Project Background

The City of Hobart recently commissioned a Conservation Management Plan for the historic headstones and monuments located in St David’s Park. The report outlines the cultural significance of these items and examines issues regarding their physical condition. The report establishes policies for the ongoing care and management of the headstones and monuments.

St David’s Park was Hobart’s first public cemetery, with initial interments occurring in 1804, within a few months of the arrival of British colonists. The cemetery continued to be used for new burials until the establishment of Cornelian Bay Public Cemetery in 1872. The cemetery was converted into a park in 1926, resulting in the removal of most of the grave monuments and headstones. Many headstones were salvaged and stored haphazardly around the perimeter of the park, but in the 1970s an effort was made to preserve these headstones within a series of memorial walls, constructed in the eastern corner of the park next to the newly-built Supreme Court complex.

Most of the surviving headstones are sandstone, which is a relatively soft material, susceptible to the ravages of wind and rain. The finely carved lettering and ornamentation on the nineteenth century headstones is gradually becoming illegible, and in some instances has disappeared altogether.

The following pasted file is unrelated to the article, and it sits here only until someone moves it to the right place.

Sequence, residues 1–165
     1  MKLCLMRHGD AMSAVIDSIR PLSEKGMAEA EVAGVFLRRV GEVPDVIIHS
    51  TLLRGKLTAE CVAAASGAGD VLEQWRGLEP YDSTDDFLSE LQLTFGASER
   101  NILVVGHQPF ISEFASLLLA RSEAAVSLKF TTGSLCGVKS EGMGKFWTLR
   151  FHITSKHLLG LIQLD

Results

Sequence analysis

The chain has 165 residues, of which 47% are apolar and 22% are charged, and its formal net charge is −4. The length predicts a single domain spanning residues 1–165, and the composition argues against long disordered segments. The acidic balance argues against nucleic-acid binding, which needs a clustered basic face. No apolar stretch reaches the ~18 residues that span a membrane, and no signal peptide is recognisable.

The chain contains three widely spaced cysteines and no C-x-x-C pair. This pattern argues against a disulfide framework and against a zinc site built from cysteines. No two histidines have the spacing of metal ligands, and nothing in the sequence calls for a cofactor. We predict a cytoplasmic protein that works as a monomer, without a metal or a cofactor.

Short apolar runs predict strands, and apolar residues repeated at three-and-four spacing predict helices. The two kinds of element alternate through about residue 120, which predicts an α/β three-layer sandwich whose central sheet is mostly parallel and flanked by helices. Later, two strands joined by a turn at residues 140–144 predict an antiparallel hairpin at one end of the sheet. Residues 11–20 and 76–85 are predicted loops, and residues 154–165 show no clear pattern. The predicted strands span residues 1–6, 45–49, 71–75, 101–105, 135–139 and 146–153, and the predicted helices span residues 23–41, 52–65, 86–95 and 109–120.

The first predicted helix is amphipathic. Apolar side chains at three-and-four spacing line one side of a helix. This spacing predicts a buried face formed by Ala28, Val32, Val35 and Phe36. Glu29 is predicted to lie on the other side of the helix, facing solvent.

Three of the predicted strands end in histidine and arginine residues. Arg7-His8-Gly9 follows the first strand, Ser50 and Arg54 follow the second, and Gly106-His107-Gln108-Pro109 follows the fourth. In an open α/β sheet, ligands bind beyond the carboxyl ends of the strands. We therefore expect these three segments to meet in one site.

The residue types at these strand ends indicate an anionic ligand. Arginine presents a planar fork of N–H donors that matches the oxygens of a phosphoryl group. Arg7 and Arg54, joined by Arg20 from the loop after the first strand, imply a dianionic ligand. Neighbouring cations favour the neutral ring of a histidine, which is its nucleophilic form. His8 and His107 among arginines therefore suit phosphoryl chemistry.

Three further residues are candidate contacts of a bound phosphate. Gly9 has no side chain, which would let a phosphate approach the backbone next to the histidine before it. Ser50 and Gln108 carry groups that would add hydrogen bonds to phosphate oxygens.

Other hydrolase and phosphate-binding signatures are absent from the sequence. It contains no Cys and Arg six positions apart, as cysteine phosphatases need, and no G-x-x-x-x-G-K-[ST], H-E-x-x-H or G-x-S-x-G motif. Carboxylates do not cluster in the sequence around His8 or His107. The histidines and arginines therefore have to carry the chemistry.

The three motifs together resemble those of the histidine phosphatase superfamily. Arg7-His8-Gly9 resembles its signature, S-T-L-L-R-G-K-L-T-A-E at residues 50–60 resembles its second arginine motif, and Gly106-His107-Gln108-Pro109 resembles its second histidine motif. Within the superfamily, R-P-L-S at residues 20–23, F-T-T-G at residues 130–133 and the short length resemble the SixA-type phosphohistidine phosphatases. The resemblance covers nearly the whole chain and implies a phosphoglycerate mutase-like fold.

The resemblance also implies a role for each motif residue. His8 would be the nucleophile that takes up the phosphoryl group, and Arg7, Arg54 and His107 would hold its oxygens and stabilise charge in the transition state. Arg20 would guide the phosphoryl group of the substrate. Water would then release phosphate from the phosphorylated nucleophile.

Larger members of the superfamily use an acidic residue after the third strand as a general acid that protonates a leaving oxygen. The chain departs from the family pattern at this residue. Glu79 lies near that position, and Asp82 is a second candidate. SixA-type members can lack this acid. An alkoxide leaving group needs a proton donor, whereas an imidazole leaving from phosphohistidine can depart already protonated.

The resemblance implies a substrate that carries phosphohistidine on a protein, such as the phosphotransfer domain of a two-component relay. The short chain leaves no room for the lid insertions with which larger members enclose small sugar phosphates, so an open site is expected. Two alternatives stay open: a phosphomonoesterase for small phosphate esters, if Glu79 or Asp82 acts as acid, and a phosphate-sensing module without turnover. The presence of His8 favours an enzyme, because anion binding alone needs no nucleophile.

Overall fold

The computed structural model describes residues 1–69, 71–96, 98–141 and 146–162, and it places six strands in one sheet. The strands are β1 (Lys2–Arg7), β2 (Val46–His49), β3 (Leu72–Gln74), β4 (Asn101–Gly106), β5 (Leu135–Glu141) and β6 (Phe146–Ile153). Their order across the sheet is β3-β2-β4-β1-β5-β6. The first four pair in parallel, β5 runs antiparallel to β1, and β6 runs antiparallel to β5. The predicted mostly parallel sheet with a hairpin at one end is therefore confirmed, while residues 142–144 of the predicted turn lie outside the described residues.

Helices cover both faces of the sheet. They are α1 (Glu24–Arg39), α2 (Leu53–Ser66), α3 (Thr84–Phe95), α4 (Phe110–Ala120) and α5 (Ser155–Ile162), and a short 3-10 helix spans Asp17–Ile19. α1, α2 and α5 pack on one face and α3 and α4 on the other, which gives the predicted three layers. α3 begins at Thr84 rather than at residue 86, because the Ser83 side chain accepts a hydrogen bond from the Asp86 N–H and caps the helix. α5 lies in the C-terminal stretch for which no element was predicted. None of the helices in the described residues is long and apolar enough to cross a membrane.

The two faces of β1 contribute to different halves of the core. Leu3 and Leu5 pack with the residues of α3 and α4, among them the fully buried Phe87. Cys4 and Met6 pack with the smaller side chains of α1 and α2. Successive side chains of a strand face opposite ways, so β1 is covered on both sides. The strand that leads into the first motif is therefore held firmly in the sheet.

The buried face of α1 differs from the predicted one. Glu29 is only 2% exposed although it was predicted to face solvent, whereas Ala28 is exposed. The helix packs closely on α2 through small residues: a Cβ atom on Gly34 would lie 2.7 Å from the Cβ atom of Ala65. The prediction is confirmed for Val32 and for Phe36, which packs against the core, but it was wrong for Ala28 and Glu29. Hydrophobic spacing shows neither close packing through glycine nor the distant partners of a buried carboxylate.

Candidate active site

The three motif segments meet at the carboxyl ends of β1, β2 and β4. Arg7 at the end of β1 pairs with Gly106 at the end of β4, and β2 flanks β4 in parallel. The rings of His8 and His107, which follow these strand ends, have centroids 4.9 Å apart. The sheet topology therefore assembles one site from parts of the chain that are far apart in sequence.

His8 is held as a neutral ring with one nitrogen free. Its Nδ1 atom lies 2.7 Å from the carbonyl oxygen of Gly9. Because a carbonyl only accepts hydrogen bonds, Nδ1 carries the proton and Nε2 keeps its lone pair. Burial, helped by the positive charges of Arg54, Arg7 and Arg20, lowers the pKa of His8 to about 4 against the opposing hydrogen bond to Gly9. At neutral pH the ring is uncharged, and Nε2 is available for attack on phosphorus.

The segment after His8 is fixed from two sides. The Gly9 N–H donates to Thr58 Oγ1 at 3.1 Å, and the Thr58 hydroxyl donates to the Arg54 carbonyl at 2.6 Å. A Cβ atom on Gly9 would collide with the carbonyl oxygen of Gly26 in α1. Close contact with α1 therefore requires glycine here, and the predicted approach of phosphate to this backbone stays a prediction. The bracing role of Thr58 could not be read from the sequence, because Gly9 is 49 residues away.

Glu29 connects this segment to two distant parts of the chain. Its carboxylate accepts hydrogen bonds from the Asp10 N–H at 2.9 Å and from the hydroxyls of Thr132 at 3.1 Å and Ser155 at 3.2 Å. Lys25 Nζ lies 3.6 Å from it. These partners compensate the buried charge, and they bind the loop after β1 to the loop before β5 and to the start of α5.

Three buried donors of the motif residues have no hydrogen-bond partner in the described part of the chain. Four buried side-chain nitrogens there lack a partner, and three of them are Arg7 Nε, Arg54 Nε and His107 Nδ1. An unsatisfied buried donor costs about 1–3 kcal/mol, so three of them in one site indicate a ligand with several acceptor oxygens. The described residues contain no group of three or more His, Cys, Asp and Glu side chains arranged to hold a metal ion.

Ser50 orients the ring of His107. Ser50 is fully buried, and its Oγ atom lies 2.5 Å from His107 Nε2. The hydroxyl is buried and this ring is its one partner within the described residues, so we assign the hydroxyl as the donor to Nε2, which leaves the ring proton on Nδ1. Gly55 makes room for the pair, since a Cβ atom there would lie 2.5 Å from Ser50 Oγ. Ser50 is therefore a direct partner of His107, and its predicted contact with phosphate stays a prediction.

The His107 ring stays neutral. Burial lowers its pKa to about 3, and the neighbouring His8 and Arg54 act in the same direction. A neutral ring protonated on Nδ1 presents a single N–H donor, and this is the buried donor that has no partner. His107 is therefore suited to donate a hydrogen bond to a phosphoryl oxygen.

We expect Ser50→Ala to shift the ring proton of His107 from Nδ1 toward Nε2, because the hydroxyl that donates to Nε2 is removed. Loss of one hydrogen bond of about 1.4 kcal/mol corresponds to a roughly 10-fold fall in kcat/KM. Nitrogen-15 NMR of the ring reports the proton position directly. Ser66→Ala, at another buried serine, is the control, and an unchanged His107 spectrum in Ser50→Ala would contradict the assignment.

The headstones are physical reminders of Hobart’s early colonial history and represent some of the earliest funerary artefacts in Australia. This significance, combined with the precarious physical condition of the stones, poses important philosophical questions about their future. Should they be removed and placed in a museum; should a new building be constructed over the existing walls in an attempt to halt further decay?

The draft Conservation Management Plan, which was prepared with informed input from key stakeholders has concluded that the headstones should not be moved from St David’s Park, as they are important in understanding the history of the park, and are located within their general historical context. The document also warns against trying to re-cut or touch-up the lettering, accepting the patina and gradual weathering of the stones as a product of time. The report outlines a number of measures for monitoring and stabilising the headstones within the existing memorial walls – with the general principle of inhibiting or at least slowing the inevitable process of decay.

Stakeholder Engagement

In April 2019 the City of Hobart held a workshop with key stakeholders and heritage experts in order prepare a strategy for the conservation of the St David's Park monuments. The outcomes of this workshop helped shape the Draft Conservation Management Plan.

During November 2020 the City will be engaging further with key stakeholders who participated in the previous workshop. The outcomes of this engagement will help to finalise the Conservation Management Plan. Stakeholders will be contacted directly by the project team.

Page last updated: 06 Nov 2020, 04:20 PM